An introduction to the profession of arms and its associated life skills and personal/professional competencies. Includes goal setting, time and stress management and how they relate to effective leadership. The course emphasizes the development of essential skills required for effective communication. Includes Leadership Lab plus optional participation in the physical training program and field training exercises. Optional Basic Camp follows at the end of the course. May not be taken S/U. (Every spring)
MIL 201. Leadership and Decision Making (2 hours)
Prerequisite: sophomore standing.
An in-depth exploration of decision-making and leadership in the Army, emphasizing critical and creative thinking and the application of established processes to develop innovative solutions to problems. Leadership forums and self-assessment tools are utilized to continue developing a deeper understanding of the Army profession. Includes Leadership Lab plus optional participation in the physical training program and field training exercises. May not be taken S/U. (Every fall)
MIL 202. Army Doctrine and Team Development (2 hours)
Prerequisite: Sophomore standing.
Introduction to Army doctrine and the philosophy of military service. This course explores the legal and ethical framework for Army operations, including the Warrior Ethos and the law of land warfare. Continued leadership development through team-building exercises in small units up to squad level. Includes Leadership Lab plus optional participation in the physical training program and field training exercises. May not be taken S/U. (Every spring)
 
Advanced Courses
MIL 301. Training Management and the Warfighting Functions (3 hours)
Prerequisite: MIL 202 or Basic Camp or prior service.
Introduction to the fundamentals of Training Management and the Army Warfighting Functions. This course provides the foundation and tools required to plan, prepare and execute training for small-unit operations. Includes Leadership Lab plus optional participation in the physical training program and field training exercises. May not be taken S/U. (Every fall)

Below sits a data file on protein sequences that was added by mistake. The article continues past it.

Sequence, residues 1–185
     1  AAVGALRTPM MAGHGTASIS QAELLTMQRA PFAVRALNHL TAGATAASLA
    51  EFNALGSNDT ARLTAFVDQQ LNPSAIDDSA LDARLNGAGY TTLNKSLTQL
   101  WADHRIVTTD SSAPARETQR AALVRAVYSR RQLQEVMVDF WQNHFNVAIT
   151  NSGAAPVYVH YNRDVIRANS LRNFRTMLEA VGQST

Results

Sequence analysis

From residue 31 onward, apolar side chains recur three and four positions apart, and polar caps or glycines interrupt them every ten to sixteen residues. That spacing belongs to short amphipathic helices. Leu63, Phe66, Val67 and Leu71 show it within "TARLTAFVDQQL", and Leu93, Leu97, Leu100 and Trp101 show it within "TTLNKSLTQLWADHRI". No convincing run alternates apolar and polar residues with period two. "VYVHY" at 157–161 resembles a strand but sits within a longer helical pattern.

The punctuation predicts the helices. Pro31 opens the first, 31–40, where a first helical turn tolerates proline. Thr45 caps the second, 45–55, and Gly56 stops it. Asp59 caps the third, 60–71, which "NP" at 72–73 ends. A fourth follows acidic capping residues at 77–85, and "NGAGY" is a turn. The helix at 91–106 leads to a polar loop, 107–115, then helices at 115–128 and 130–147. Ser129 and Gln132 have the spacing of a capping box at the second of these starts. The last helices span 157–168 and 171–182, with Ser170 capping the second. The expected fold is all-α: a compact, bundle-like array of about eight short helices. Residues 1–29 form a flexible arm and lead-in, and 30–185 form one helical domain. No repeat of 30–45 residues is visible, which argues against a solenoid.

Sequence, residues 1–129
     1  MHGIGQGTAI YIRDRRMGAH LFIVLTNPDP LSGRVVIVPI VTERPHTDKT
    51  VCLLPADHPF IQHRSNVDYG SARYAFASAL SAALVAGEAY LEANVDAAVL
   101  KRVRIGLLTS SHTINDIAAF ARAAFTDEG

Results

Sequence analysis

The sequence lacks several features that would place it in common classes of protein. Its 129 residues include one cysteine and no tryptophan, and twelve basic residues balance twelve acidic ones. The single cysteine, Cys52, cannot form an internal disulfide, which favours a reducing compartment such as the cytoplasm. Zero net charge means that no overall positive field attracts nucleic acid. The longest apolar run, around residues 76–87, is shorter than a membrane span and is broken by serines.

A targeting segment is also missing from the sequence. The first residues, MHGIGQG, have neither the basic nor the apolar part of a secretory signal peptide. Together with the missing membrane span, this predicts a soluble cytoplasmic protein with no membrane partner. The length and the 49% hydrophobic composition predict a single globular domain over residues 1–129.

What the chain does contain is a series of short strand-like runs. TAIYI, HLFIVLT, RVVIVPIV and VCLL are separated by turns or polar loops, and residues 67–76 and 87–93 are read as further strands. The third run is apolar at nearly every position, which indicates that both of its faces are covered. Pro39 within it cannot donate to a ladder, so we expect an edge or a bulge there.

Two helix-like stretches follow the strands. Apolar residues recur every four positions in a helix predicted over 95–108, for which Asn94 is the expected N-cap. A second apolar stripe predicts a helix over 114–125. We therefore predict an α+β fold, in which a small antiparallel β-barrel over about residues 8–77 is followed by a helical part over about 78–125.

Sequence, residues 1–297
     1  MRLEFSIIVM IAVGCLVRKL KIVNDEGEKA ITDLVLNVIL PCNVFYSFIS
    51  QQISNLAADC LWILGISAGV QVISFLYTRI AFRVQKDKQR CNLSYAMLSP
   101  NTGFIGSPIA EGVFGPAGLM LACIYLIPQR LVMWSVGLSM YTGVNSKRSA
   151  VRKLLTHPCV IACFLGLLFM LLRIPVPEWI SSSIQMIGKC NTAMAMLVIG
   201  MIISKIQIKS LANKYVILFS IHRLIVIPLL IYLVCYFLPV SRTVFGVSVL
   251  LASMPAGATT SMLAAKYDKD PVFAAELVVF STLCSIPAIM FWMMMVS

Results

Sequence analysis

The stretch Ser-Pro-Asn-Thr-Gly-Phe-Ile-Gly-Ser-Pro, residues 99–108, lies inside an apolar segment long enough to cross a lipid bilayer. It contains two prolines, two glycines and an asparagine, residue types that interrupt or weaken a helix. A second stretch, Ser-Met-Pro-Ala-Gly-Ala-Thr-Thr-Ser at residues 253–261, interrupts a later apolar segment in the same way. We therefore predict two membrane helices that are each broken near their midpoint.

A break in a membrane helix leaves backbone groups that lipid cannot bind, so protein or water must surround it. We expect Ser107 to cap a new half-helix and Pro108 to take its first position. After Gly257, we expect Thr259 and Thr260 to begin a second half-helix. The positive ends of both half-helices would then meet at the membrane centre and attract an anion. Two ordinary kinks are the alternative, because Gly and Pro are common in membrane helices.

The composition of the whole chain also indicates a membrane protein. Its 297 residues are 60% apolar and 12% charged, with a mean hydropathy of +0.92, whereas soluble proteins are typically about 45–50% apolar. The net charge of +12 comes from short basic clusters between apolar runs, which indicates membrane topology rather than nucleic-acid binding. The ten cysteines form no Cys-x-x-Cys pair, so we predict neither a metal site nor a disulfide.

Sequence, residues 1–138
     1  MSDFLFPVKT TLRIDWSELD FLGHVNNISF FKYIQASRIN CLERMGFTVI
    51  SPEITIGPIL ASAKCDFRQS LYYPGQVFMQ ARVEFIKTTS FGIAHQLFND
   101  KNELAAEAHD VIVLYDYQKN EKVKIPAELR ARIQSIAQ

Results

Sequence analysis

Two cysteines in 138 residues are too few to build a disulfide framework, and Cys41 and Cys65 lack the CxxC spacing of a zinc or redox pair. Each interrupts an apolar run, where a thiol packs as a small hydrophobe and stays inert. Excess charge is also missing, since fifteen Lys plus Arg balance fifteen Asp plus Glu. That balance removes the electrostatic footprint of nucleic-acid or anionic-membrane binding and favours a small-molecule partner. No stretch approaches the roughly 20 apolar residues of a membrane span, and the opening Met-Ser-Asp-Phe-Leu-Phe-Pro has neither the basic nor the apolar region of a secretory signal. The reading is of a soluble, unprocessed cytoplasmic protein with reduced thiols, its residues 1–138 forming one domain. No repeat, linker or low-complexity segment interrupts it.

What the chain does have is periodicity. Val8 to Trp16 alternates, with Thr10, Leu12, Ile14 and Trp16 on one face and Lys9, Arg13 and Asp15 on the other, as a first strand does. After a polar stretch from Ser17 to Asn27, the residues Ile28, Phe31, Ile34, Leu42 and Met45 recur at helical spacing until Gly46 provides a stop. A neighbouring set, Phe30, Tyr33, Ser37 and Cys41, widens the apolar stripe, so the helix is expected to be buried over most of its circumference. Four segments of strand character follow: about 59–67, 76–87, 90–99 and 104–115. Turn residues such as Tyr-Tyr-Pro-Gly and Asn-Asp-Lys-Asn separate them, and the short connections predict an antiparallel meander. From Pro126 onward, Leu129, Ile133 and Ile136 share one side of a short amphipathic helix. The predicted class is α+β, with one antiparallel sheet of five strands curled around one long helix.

MIL 302. Applied Leadership in Small Unit Operations (3 hours)
Prerequisite: MIL 301.
The study and application of direct-level leadership and small-unit tactics at the platoon level. Students will develop the capability to plan, coordinate, navigate, motivate, and lead a platoon in mission execution. This course is in preparation for ROTC Advanced Camp in the summer at Ft. Knox, KY (contracted Cadets only). Includes Leadership Lab plus optional participation in the physical training program and field training exercises. May not be taken S/U. (Every spring)
MIL 401. The Army Officer (3 hours)
Prerequisite: MIL 302.
An extensive exploration of the development of the Army Officer with an emphasis on the knowledge and skills required for training and leading platoon-sized formations. This course includes resources for working with and developing subordinate leaders as well as the ethical and legal responsibilities inherent in conducting operations and training as company-grade and field-grade officers. Includes Leadership Lab plus optional participation in the physical training program and field training exercises. May not be taken S/U. (Every fall)
MIL 402. Transition to Lieutenant (3 hours)
Prerequisites: MIL 302 and status as a contracted Cadet.
An examination of the knowledge, skills, and abilities required of junior military officers. This course also highlights the doctrinal foundations of Army operations, including Unified Land Operations, Army Warfighting Functions, and Mission Command. Mandatory requirement for commissioning. Includes Leadership Lab plus participation in the physical training program and field training exercises. May not be taken S/U. (Every spring)Every spring)
 
Additional Courses
MIL 451. Advanced Theory of Military Leadership I (1 hour)
Prerequisite: MIL 402.
An independent study of military leadership at senior level echelons and the development of the US Army from its primitive origin to the present. Available only to MS V cadets who continue to receive ROTC scholarship after the completion of the advanced course. (Occasionally)
MIL 452. Advanced Theory of Military Leadership II (1 hour)
Prerequisite: MIL 451.
An independent study to define the role of the military in the year 2030, including research on the likely missions the U.S. military will confront. Available only to MS V cadets who continue to receive ROTC scholarship after the completion of the advanced course. (Occasionally)